Chronic gouty arthritis
The course of the chronic form of arthritis is characterized by the occurrence of frequent, longer, but less acute gouty attacks. Periodically, the so–called gouty status may occur – prolonged attacks of mono- or polyarthritis lasting up to several weeks. The I metatarsophalangeal joint, the joints of the hand, knee, ankle, wrist, etc. are affected.
3-5 years after the manifestation of gout, pronounced joint deformities, contractures, persistent movement restrictions develop. A typical manifestation of chronic gouty arthritis is the formation of tofuses – tissue accumulations of urates in the form of whitish-yellow nodules. Tofuses can be localized on the inner surface of the auricles, in the joints, less often on the sclera and cornea. With a prolonged course of gout, lesions of internal organs develop, mainly kidneys (urolithiasis, urate nephropathy, renal failure). Chronic gouty arthritis leads to the development of secondary osteoarthritis, fibrotic or bone ankylosis and can cause disability and motor activity of patients.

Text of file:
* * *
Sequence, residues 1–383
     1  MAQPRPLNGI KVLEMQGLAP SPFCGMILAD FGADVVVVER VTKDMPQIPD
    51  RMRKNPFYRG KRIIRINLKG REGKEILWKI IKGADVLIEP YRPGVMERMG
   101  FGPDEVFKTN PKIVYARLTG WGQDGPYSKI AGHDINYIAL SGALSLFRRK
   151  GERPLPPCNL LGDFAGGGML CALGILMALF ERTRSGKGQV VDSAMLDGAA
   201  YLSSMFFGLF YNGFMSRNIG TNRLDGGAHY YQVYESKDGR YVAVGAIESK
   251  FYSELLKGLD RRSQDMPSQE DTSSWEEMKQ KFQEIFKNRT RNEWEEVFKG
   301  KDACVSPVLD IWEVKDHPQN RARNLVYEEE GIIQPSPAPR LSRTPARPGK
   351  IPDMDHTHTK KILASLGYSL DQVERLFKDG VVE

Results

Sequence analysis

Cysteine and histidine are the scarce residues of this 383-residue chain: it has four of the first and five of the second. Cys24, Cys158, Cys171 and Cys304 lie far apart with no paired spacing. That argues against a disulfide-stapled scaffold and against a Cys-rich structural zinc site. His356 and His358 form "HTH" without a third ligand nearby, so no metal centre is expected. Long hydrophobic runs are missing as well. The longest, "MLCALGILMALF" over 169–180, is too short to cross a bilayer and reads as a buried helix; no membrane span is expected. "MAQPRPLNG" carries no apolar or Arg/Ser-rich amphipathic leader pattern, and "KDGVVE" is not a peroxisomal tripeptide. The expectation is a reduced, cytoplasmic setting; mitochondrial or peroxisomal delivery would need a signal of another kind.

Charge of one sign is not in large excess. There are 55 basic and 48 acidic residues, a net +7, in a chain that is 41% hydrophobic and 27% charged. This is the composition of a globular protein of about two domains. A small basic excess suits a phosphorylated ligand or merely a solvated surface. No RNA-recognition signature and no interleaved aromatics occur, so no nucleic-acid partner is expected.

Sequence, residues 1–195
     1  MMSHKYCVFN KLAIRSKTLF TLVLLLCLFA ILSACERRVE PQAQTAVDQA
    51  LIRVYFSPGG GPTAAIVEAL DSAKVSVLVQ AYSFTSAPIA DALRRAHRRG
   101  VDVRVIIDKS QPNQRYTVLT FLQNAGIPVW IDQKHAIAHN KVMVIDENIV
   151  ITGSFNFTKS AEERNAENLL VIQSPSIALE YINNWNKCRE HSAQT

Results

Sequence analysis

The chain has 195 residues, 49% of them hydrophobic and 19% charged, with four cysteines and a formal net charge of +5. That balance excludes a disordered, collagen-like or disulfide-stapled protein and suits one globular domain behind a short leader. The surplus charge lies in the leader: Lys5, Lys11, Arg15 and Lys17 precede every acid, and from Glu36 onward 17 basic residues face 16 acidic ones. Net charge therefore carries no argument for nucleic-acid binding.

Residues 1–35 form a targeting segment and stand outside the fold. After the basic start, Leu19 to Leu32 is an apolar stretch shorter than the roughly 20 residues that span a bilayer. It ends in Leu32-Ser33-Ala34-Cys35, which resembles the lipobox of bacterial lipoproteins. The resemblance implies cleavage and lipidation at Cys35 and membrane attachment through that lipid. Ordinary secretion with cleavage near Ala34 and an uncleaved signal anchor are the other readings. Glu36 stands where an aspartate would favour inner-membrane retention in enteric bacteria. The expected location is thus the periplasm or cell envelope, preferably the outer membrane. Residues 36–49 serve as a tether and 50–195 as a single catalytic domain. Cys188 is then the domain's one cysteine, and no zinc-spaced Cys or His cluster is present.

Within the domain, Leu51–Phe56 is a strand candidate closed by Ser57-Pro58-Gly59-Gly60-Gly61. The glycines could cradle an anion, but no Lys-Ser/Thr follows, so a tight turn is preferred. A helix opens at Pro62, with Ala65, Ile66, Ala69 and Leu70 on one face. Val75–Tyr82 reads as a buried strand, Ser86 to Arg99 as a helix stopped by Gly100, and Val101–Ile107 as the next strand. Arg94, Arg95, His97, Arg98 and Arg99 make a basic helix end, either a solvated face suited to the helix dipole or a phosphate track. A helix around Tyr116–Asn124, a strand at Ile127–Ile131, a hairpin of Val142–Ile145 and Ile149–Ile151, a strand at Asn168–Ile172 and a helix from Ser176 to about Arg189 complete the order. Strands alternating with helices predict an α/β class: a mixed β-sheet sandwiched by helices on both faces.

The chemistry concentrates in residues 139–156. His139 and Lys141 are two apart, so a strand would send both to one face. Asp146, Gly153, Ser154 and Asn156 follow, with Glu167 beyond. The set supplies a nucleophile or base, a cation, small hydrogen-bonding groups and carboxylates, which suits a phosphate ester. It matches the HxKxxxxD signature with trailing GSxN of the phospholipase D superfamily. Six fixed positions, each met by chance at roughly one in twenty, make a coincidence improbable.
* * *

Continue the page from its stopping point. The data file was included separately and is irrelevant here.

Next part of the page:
Chronic psoriatic arthritis
The articular syndrome associated with psoriasis develops in about a third of patients, mainly with a severe form of the disease. Skin manifestations of psoriasis include rashes (psoriatic plaques) localized on the scalp and in the area of the extensor surfaces of large joints, peeling, itching, a feeling of tightness of the skin. In most cases, skin lesions precede arthritis, sometimes they occur simultaneously or joint syndrome occurs before skin manifestations.